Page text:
By Bob Morrison

Water!    Water!  and  Water some more!

During the early August, the temperatures continue to be very high, rain is intermittent and localized = inadequate.  Most plants require generous watering to survive. Wait until a plant show signs of wilt and then water deeply and thoroughly. 


  • Boost flower power – remove faded flowers to encourage annuals to produce more blooms.
  • Deadheading also encourages some perennials to bloom again – such as coreopsis, purple coneflower, Rudbeckia, phlox, Shasta daisies, and black-eyed Susan. 
  • Freshen up your containers with the TOP10 SUMMER BLOOMERS:petunias, impatiens, cosmos, asters, marigolds, dusty miller, canna, cockscomb, dahlia, and nasturtiums.
  • Container gardens are also probably in need of some sprucing up. Give them a dose of liquid fertilizer if you have not done so in a few weeks. Cut back leggy stems.
Pruning + Fertilizing:
  • Cut back annuals like impatiens, vinca, and petunias to encourage fall bloom 
  • Cut off the green seedpods from your crepe myrtles early this month usually encourages a second bloom in September.
  • Dahlias will perk up with cooler temperatures. This would be a good time to do a little fertilizing, pruning and reinforcing supports on tall varieties.
  • Have you sprayed the rose bushes for black spot recently? Hybrid teas can also have one last dose of fertilizer early in August to encourage some fall blooms.
  • Give azaleas an application of cottonseed meal. Pinching out tips of new swigs on azaleas between now and August 15th will give increased bloom next winter/spring.
  • Do not prune spring-flowering shrubs and hedges because buds are starting to form now.
  • HOLD OFF on major pruning other shrubs and trees until after frost or late winter. Pruning now stimulates tender new growth that can be killed by the first hard frost.
  • Check hanging baskets daily in the summer. Wind and sun dry them out much more quickly than plants in other kinds of containers.
  • When watering the garden pay particular attention to azaleas and camellias which are forming buds for next year.
  • Tropicals (canna, banana, gingers) typically love moisture – be generous!
  • Sow pansy seeds, dwarf nasturtiums, and various other annuals such as balsam and zinnia for fall bloom
  • Provide support for climbing plants, and tie in the shoots as they grow.

Vegetables & Herbs

  • Frequent rain showers invite fungus diseases like early blight and late blight on tomatoes  and mildews on squash and cucumbers. Apply fungicides every 1 to 2 weeks to maintain healthy plants.


  • Organic gardeners may want to try Serenade (Bacillus subtilis) or a copper or sulfur spray.


  • It may sound weird with summer in full swing; however, now is the time to set out starter plants of cool-weather veggies such as broccoli, cauliflower, and cabbage for a fall harvest.


  • Sow seeds for lettuce, kale, spinach turnips and beets. Keep seedbeds consistently moist as seedlings emerge.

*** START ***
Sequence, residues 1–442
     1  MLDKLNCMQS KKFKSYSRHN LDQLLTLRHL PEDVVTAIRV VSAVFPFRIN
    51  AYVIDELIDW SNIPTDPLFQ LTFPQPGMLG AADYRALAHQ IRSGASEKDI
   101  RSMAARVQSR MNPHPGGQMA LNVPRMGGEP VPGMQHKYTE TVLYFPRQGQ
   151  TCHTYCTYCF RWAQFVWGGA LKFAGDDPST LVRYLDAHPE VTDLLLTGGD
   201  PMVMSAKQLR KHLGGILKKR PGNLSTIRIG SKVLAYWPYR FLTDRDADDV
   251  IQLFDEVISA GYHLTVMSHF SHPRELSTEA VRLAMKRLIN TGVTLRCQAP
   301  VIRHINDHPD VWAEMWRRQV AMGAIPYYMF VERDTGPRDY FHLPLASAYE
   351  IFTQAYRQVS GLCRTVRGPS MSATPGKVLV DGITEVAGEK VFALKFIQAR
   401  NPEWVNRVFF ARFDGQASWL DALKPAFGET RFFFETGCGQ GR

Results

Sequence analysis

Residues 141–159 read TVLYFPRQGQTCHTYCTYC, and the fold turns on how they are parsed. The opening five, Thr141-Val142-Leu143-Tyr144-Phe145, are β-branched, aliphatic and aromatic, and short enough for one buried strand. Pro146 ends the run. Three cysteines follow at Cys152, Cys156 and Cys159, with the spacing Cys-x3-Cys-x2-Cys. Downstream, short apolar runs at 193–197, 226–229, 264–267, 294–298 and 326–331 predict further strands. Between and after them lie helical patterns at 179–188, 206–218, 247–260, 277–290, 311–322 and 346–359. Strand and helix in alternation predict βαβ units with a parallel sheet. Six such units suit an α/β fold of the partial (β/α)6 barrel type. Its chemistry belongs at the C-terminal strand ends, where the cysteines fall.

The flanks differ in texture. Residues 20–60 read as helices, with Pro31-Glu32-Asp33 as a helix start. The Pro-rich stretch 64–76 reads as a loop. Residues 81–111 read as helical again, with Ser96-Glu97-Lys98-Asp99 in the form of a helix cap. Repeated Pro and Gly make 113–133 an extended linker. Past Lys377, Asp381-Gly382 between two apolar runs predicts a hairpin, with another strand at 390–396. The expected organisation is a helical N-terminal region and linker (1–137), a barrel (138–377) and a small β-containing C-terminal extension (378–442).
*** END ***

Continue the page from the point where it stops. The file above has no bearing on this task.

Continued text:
• The biggest challenges with fall vegetables are insect control and watering in August and September.


  • Regular applications of B.t. (Bacillus thuringiensis) will prevent the caterpillars from devouring everything in the cabbage family.


  • Practice good sanitation. Remove spent plants from the garden as soon as harvest is complete. Also remove diseased plants as soon as possible.


  • Herbs are generally pest free. However, they sometimes get red spider mites and white fly. Infected plants can be sprayed with tepid soapy water.


  • Cut back basil, mint and oregano to keep them compact, encourage new foliage growth and prevent these herbs from blooming and going to seed.


  • Check cucumbers, squash and green beans daily….fruit matures quickly and is best harvested while young and tender.


  • Keep a record of what is planted where and what varieties you grew. You will need this information next year for crop rotation.


  • Mow fescue and bluegrass lawns three (3) inches high. Shorter grass will become drought-stressed and will be more subject to weeds.


  • Water lawns any time it shows signs of stress – bluish-gray tint in color, foot-prints remaining when you walk on it, and wilted, curled or folded leaves.


  • Late August is recommended by the Mid-South colleges of agriculture as the best time to sow a new lawn provided the ground has been kept free from weeds this summer.


Wasp on flower

Yellow Jacket Wasps
  • Everyone hates stinging yellow jackets when they swarm around anyone holding a soft drink, cocktail, or beer. These wasps nest underground. When you see them streaming to and from a spot near the ground take note because that’s where their nest is. Return after dark when all the wasps are inside. Direct spray from a can of wasp-and-hornet killer into the entry hole. It will kill on contact. 


  • Never fertilize when the temperatures are above 85º. If you are using any side-dressing fertilizers, such as 5-10-5, it is even more important to wait for more suitable weather


  • ALWAYS READ THE LABEL – Take a fresh look at the label is important whenever using garden insecticides – whether chemical or organic. Labels tell you what disease, insects or weeds will be controlled, where the product may be used, and any safety precautions.
  • If you are going to be away from home for more than a one week arrange to have the garden watered and the grass mowed.  .